Delegates and Spending Douse The Bern
Hillary Clinton’s win in her home state of New York over Bernie Sanders means the path to the nomination for Senator Sanders is all but blocked. The math is unforgiving, but the finances are what is devastating.
There are 4763 total delegates in the Democratic primary. 4051 are pledged delegates and 712 are superdelegates. 2383 delegates are needed to win the Democratic nomination.
There have been 2579 pledged delegates allocated thus far. Hillary has won 1428 (55%) and Bernie has won 1151. There are 1472 pledged delegates left. In order to get to 2382, Bernie Sanders would need to win 1232 of those 1472 delegates (84%). Bernie is popular, but he’s not going to win 5 out of every 6 voters from here on out.
Hillary would need to win 955 out of 1472 pledged delegates (65%) of the pledged delegates. This is a little more realistic, but highly unlikely as well. Are we headed for an ugly convention battle? We aren’t because of super delegates.
Currently, Hillary has 502 super delegates who have pledged to support her while Bernie has 38. Including these with their pledged delegate totals puts Hillary at 1930 delegates and Bernie at 1189. This means Bernie has to win 1193 of 1472 (81%) of the remaining pledged delegates. By comparison, Hillary has to win 452 of the remaining 1472 delegates (31%). This will most certainly happen.
Without counting caucuses, Hillary has amassed 10,404,655 votes where Bernie has accumulated 7,710,382. More than the math, is the cost of the campaign which makes things even more difficult. Yvette Grimes notes:
Here’s why Hillary doesn’t hold large rallies. They’re God-awful expensive. Say you want to hold a rally in a park for 27,000 people (actually Bernie had about 11,000, but lied with the higher number) you can’t just say meet me at the park. You have to pay for a permit, arrange and pay for porta potties, and pay for almost all the security. The city/town pays for their regular patrols, the person holding the rally has to arrange for and pay security in advance. These are almost always off-duty cops who can wear their uniform. They make about $100-$200/hour. For a crowd of about 27,000 that’s at a minimum of $100,000 per hour. And the candidate has to pay for clean-up afterwards. A huge rally can cost the candidate a million in campaign donations. For what? He has a photo-op of him in front of a lot of people.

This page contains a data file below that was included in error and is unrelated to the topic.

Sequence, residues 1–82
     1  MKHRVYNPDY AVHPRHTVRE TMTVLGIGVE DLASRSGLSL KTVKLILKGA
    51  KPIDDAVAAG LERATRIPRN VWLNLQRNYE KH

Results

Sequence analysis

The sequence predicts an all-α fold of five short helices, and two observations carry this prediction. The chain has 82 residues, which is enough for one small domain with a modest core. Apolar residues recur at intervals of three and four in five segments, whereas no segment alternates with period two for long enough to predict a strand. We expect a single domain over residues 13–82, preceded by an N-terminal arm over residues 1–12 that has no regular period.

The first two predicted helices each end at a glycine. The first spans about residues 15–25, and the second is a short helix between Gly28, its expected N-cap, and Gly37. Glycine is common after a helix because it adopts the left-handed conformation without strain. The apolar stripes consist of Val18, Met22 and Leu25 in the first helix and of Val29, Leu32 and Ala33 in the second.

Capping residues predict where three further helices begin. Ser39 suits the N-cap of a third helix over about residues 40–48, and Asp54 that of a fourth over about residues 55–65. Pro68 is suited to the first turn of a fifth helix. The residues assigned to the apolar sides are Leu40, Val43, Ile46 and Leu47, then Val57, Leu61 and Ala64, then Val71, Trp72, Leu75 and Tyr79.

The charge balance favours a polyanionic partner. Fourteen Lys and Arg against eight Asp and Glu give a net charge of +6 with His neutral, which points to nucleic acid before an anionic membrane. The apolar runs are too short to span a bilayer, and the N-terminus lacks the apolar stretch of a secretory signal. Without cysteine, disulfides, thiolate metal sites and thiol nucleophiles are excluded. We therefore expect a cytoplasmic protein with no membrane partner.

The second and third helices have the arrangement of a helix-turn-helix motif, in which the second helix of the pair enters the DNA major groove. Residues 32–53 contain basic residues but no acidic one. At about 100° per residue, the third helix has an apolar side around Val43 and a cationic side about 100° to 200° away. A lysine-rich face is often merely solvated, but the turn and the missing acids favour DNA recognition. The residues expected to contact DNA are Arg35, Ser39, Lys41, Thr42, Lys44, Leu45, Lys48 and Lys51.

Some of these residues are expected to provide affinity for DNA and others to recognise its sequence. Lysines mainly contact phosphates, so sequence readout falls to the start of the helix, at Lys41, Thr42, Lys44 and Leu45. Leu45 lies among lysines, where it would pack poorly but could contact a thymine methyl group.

What does Hillary have? Photo-ops of her sitting with some guys and winning at Dominos; eating an ice cream concoction named after her; dancing the Meringue in Harlem with a small crowd going wild and dancing with her; visiting and talking with children; and meeting and listening to people having problems. Oh, and the best one of all looking at and coveting that piece of cheesecake as one of her campaign aides digs into a slice of strawberry cheesecake. Total cost for Hillary maybe $10,000.
She goes on to talk about his spending. What is important to understand is not only the amount, but the rate.
Bernie is burning through his cash. Hillary spent a few million in advertising. Bernie spent more in New York than Clinton, Trump, Cruz, and Kasich combined. And don’t forget the $1.6 million for the one-day vacation in the Vatican that backfired.
That Vatican trip paid for by his campaign is not an allowable campaign expense. The FEC will disallow it and he’ll be on the hook for it.
Bernie has about $4 million in the bank. Hillary has about $33 million.
In three separate notices, the FEC informed Bernie that he has about $28 million in illegal funds (over limit and foreign donations) to be returned, as well as that mysterious $10 million donation.
His campaign debt I estimate at $20 plus million.
Finally, Grimes points out that, in spite of popular belief, Sanders needs Clinton more than the other way around:
If he’s thinking of getting out of the campaign his first call will be to the Clinton campaign to talk about her helping retire his campaign debt by holding rallies with him. She’ll agree only if he works to unite the party and campaigns for her. Then AFTER November, if he meets the requirements of the agreement, she’ll help raise money to retire the debt. If he’s indecisive and speaks off message, then no deal, and he’s saddled with millions of dollars in debt with a 2018 Senate re-election bid looming. And this time no deals with the Vermont Democratic Party. They are going to run a Democratic Primary for a Democratic candidate. He won’t be able to convince contractors to work for him (ad reps, designers, get out the vote-callers) if he’s still stiffing companies from his 2016 campaign.
Sanders is in financial trouble. He knows it and Hillary knows it. He’d better start playing nice.